James Small

Warren Farm, Partner in small brothers, Somerset

ADAPTING his system to suit his farm has been the key focus in recent years for James Small, who runs 120 suckler cows alongside 1,400 ewes on the Mendip Hills, Somerset. Originally, Longhorns were the mainstay of the suckler herd, but demand for offspring was limited, so they are gradually being phased out and replaced by Whitebred Shorthorns which are then put to Aberdeen-Angus bulls to produce a blue grey animal. James says: “The Whitebred Shorthorn is a thrifty, maternal breed which will do well on poorer grazing. “We cannot change the farm, so we are working to develop a system which is as efficient and productive as it can be for our situation. “These cows are easy calving, easy to manage and long lasting. At the moment, we are still replacing cows to get the cross we want, but eventually, we will have more calves to sell each year.”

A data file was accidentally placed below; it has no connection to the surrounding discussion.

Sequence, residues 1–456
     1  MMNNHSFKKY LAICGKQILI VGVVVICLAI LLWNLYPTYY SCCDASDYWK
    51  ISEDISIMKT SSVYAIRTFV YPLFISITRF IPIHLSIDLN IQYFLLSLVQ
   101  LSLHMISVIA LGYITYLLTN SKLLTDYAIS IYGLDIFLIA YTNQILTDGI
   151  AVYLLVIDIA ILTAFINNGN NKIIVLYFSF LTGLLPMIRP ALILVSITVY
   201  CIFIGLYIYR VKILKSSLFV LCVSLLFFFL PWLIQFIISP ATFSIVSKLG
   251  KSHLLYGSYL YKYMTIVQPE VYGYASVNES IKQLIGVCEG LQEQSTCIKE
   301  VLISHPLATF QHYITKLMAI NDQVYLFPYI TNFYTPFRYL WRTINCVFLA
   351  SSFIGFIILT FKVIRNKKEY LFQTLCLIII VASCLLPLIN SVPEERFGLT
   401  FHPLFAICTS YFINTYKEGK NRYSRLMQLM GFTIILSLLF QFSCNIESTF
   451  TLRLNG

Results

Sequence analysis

Much of the land is a site of specific scientific interest and cannot be grazed over winter, so cows are housed for this period. No concentrate is fed, partly to reduce cost but also with the farm being in a TB hotspot, it discourages badgers from coming anywhere near cattle. All calves are sold in November after weaning at about eight months of age in two or three batches through Sedgemoor market, although James would like to eventually hold an on-farm sale. He says: “Not only does the Angus work well on these cows, but calves by a named Aberdeen-Angus sire are in demand because of the premium available for the finished product. “We are concentrating on maximising income by being more efficient, cutting costs, improving genetics, improving grasses and soils and meeting market requirements. “We need a business which is able to survive with subsidy and this is the main focus.”